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FRONT OF MIND | – 4 Min

Renminbi internationalisation – The petro-yuan and the role of gold

By CHI LO 06.01.2023

In this article:

    If Saudi Arabia decides to trade its oil with China in renminbi rather than US dollars, it would add momentum to the ‘petro-yuan’ trading already happening between China and Russia. More players choosing to trade oil and other products with China in renminbi could help the Chinese currency reach critical mass internationally over time.

    Gold, however, is a key factor in the further development of a petro-yuan system. A gold-backed petro-yuan does not require full renminbi convertibility to function, so it allows China to simultaneously retain control of its capital account and boost the internationalisation of the renminbi.

    This system would enable the renminbi to become an independent asset class over time and build out both the renminbi’s internationalisation and China’s own capital markets. It could also eventually disrupt the USD-dominated SWIFT (Society for Worldwide Interbank Financial Telecommunication) global payments system.

    Petro-yuan’s momentum

    President Xi Jinping visited Saudi Arabia last December during the first China-Arab States Summit and the China-Gulf Cooperation Council Summit. China is the world’s biggest energy consumer, while Saudi Arabia is the world’s second-largest oil producer and the top oil exporter.[1] The state visit furthered China’s 2018 initiative to shift more trade in oil to the renminbi from the US dollar.

    Following US-led sanctions over the Ukraine war, Russia sought to increase its use of the renminbi, boosting the Chinese currency and the already bourgeoning Sino-Russian trade (see Exhibit 1). Russia adopted China’s CIPS (Cross-Border Interbank Payment System) for trading oil, bypassing SWIFT.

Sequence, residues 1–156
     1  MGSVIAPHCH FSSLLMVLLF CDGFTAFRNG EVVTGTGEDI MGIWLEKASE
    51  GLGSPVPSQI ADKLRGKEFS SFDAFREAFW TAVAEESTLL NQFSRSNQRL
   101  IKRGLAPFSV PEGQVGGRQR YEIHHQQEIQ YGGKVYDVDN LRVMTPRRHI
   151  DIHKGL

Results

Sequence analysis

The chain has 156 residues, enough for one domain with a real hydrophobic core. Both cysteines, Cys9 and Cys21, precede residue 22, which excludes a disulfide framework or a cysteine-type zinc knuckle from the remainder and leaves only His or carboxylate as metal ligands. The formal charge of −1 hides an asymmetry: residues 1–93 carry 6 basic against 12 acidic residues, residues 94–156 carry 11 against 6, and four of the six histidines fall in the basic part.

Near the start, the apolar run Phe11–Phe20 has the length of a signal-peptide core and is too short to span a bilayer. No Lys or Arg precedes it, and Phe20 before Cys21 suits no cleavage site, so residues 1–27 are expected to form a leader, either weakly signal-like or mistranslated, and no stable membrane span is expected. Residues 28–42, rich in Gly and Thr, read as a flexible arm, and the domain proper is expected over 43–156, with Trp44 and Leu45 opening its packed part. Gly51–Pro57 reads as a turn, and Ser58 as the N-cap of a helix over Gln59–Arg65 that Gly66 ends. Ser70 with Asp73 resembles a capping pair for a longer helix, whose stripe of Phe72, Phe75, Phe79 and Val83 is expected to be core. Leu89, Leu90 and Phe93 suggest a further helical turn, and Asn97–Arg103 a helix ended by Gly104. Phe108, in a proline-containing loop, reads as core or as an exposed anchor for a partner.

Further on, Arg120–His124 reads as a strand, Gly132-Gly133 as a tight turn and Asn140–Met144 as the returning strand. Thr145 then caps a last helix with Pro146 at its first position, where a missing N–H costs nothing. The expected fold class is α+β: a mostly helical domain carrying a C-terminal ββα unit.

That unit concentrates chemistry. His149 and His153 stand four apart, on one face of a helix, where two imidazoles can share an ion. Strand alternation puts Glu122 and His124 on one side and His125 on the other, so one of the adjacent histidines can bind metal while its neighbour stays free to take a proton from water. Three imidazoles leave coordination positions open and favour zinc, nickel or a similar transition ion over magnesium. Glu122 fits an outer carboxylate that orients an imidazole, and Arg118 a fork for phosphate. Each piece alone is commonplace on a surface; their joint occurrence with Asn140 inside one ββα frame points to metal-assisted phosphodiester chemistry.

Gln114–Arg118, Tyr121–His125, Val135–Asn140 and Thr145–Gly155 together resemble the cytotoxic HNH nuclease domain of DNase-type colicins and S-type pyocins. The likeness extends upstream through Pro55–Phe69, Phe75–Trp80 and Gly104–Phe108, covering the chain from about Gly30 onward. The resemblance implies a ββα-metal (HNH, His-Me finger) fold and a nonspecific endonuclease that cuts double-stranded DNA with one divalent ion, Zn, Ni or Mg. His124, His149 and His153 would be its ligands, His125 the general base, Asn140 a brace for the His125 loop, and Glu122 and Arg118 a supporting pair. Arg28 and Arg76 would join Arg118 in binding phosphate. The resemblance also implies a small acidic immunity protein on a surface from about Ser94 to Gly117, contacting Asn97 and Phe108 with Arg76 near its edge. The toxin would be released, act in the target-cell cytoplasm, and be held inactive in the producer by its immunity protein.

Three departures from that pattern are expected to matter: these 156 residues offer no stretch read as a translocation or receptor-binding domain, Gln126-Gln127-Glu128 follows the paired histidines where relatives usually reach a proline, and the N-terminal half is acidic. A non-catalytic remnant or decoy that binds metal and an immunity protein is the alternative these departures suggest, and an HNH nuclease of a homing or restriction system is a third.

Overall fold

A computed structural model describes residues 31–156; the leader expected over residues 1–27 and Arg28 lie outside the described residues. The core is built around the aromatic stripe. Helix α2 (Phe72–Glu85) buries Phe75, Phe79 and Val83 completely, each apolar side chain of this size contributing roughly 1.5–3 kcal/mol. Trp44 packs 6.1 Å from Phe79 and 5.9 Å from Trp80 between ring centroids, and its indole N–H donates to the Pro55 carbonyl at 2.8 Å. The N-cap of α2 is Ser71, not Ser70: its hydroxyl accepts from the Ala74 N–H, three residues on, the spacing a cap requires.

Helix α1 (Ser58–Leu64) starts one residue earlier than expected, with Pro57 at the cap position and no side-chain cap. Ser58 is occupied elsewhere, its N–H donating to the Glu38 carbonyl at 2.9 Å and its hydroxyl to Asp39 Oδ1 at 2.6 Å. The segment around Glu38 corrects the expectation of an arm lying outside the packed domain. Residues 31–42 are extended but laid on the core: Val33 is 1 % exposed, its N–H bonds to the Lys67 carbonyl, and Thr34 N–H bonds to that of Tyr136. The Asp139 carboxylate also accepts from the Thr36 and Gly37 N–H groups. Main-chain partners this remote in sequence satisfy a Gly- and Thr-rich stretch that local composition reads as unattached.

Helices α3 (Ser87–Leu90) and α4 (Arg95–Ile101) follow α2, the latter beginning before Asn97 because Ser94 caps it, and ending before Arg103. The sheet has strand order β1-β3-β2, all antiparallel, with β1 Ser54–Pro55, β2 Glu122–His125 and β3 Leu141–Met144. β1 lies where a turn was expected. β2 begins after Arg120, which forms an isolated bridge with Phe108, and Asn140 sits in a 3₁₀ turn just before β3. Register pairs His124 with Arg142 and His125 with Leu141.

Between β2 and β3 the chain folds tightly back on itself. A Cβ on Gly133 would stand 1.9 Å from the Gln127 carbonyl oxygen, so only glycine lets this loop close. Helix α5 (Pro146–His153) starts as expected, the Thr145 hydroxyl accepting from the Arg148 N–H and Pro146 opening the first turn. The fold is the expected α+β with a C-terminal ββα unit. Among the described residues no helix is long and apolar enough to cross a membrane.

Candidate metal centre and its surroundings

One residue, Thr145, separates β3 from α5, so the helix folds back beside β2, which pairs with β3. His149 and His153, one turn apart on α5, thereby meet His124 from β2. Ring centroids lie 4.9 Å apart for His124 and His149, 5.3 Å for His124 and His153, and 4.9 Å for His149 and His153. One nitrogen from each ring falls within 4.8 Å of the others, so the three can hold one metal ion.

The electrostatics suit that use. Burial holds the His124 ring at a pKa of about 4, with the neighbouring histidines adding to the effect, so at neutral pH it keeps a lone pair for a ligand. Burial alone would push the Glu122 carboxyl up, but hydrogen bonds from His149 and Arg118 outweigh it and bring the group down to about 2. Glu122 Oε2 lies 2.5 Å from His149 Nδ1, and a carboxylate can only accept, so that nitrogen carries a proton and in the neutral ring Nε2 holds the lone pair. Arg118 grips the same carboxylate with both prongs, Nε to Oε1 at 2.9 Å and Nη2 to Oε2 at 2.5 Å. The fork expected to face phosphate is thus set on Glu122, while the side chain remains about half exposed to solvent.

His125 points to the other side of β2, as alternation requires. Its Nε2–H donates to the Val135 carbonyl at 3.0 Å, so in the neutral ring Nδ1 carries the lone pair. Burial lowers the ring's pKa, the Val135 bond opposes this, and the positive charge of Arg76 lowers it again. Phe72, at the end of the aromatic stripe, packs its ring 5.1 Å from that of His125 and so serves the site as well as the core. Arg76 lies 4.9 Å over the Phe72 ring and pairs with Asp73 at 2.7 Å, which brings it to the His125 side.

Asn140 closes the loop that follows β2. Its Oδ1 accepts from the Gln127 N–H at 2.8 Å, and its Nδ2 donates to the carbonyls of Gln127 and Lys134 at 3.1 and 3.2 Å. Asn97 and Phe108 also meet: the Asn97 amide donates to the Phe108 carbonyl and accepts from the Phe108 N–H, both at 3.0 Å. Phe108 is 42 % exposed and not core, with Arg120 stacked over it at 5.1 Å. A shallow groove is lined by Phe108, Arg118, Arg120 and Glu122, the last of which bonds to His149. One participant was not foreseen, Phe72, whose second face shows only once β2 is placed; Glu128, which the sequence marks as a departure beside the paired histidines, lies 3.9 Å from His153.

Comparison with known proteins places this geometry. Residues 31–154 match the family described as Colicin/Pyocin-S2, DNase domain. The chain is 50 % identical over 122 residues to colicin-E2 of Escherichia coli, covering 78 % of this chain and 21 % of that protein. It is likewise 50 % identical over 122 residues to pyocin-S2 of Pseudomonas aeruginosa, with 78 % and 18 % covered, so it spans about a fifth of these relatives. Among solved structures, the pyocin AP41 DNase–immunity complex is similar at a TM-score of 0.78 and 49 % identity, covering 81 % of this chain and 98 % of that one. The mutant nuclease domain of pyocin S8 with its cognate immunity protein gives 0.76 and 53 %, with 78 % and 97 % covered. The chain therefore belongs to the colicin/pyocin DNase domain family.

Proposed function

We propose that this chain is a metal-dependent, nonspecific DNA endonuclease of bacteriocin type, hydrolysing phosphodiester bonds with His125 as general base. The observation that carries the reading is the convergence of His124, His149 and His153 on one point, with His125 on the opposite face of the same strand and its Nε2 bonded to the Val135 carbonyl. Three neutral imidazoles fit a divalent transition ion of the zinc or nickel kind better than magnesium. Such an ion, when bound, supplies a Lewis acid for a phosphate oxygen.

If both Saudi Arabia and Russia work further with China, the amount of renminbi-denominated oil trade processed via CIPS could rise sharply. Note that Russia’s fourth largest oil producer, Gazprom Neft, has been settling all its crude oil sales with China (one-third of its total sales) in renminbi since 2015. Countries including Iran, Venezuela and Indonesia are already settling some of their China oil trade in renminbi.

    The volume of trade, and the scope for using the renminbi for international payments, could grow as more countries diversify out of US dollar risk. This development could challenge the US dollar-based global financial system over time as the dollar’s global reserve currency status is largely based on its importance in the energy and commodity markets.[2]

    The creeping importance of the renminbi

    Some market players initially estimated that switching the oil trade from the dollar to the renminbi could move transactions worth between USD 600 billion and USD 1 trillion out of the dollar each month.[3]

    SWIFT data show that the renminbi was the fifth most widely used global payments currency, accounting for 2.37% of the total, in November 2022 (the latest data available). That was up from 2% two years ago, though still a fraction of the payments in USD and EUR (see Exhibit 2).